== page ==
UTAH (ABC4) – It’s that time of the year in Utah…wildfire season! The dry conditions plus winds is the recipe for those fires.

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Increased wildfires result in widespread damage and even potential displacement from our homes. According to the Congressional Research Service, as of May 2, more than 21,200 wildfires have already impacted over 1.1 million acres this year. 

So what should you do to prepare for these wildfires?

Here are some tips by to help you be prepared:

1. Create a home ignition zone 

Pay special attention to the 5 feet immediately around your home. This area should be designed and maintained to be free of any materials that could ignite and spread fire to the home. Ensure yard debris and dead plant material does not accumulate in this zone.

  • Use hardscape like gravel, pavers, concrete, and other non-combustible mulch materials in a 5-foot zone around your home
  • While best practice is to have no vegetation, limited use of CalFire-recommended vegetation can keep your risk low.
  • Do not park boats, RVs, or other vehicles in this zone
  • Do not store firewood, outdoor furniture, or other items such as trash cans, pet houses, lawn tools, children’s playsets, etc., in this zone.
  • Ensure that where the lowest 6 inches of the exterior wall meets the ground is covered with a noncombustible material such as brick, stone veneer, or exposed concrete of the foundation.

2. Remove items under your deck

To prevent your deck from igniting and spreading fire to your home, do not use the area under decks as long-term storage.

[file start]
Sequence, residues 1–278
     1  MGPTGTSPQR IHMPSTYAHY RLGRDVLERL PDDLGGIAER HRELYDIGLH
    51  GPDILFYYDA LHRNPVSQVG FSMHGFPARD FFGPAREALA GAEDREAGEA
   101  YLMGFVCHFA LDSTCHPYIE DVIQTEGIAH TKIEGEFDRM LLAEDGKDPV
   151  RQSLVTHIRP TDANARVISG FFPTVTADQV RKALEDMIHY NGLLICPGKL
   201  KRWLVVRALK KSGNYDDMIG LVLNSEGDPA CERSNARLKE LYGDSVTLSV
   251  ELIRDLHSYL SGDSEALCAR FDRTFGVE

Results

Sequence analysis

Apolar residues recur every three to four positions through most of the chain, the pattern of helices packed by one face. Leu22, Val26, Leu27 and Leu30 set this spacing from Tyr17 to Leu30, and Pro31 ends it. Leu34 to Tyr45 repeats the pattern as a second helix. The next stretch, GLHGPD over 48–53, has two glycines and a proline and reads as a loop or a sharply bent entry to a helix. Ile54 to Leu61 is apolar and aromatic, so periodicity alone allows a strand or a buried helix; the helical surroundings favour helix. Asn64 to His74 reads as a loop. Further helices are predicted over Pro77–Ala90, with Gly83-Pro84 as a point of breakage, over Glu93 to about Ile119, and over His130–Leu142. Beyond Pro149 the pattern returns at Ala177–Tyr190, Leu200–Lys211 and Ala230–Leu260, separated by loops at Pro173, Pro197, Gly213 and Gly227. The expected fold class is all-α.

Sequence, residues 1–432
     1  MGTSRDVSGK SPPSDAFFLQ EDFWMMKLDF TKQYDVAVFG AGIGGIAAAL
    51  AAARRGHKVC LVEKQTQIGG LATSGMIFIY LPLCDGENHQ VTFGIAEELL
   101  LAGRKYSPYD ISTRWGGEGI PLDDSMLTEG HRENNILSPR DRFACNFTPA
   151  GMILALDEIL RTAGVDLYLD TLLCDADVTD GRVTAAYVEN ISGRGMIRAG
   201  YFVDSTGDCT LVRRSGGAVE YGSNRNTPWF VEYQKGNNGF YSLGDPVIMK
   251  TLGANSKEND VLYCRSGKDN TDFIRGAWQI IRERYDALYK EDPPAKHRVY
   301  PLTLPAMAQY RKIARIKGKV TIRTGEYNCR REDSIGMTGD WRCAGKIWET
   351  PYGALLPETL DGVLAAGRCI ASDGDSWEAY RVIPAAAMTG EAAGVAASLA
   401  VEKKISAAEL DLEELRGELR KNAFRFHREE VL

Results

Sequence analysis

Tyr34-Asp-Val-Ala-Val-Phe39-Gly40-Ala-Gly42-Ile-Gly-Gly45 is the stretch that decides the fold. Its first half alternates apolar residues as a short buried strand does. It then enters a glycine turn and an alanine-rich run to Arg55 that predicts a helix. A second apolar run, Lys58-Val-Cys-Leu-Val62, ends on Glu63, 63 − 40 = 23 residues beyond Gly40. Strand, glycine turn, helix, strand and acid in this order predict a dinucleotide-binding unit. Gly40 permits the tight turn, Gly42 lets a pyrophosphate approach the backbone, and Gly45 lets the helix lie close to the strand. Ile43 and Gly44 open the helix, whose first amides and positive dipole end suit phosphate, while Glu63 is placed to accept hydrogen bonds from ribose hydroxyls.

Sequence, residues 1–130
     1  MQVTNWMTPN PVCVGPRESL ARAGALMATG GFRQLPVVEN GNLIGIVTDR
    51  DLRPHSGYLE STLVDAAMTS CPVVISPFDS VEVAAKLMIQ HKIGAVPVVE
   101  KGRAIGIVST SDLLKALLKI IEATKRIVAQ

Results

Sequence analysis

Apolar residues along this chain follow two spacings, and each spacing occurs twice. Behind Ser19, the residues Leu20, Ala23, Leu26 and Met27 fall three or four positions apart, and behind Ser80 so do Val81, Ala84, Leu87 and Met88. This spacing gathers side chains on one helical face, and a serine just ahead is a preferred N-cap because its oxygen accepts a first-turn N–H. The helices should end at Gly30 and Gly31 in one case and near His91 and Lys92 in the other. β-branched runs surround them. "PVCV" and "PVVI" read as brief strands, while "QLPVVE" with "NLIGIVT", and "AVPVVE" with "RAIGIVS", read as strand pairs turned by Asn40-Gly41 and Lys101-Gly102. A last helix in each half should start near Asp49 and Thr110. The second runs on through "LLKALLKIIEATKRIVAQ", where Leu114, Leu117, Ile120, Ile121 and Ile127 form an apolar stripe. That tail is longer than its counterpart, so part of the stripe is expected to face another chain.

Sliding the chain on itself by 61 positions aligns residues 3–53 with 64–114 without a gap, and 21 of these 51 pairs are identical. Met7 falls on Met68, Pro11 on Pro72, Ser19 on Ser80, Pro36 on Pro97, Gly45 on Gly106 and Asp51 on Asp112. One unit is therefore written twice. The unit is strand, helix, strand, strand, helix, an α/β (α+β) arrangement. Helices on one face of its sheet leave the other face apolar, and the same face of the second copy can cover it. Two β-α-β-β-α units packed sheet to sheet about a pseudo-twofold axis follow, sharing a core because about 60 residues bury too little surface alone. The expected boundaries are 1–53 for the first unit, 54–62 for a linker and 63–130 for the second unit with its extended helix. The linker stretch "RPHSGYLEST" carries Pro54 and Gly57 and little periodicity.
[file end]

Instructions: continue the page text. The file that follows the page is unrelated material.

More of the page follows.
• It is best practice to store items long-term either indoors or at least 30 feet from the home if possible. It is also a good habit to avoid storing any items under your deck, even temporarily, and to consider this area as part of your home ignition zone. 
  • If not possible, on days with Red Flag warnings (when there is high fire danger), plan to move any items temporarily stored beneath the deck―as well as outdoor furniture and other items on top of your deck―indoors, into your garage, or at least 30 feet from your home. (But be mindful not to place them near your neighbors.) However, note this is not ideal as it wastes valuable time if a fire develops near you and evacuation is necessary.

3. Replace combustible fencing or gates attached to the home

If you have fencing attached to your home that is made of combustible materials such as wood or plastic, replace any sections that are within 5 feet of your home with metal or other non-combustible versions, including replacing combustible gates attached to your home). This helps prevent the fence from acting as a wick spreading fire to your home.

If possible, choose open or lattice fencing or gates instead of solid privacy panels to allow embers to pass through rather than accumulate. This adds even more protection to the 0-5 foot home ignition zone.

4. Trim Trees

  • Remove branches that overhang your roof or gutters.
  • Trim the bottom of trees so that all branches are at least 6 feet from the ground and at least 3 times higher than any shrubs nearby.
  • Trim upper branches of trees to ensure they are at least 10 feet away from branches of neighboring trees.
  • Work with your neighbors to address any trees near the property line that affect both properties.

5. Clear yard debris

Make sure yard debris such as leaves and pine needles haven’t accumulated on your roof or in gutters. A monthly check and maintenance are recommended. Embers can easily start fires in these areas. Also, make sure areas around fences and underneath gates are free of debris; this is another area where embers can collect, smolder and ignite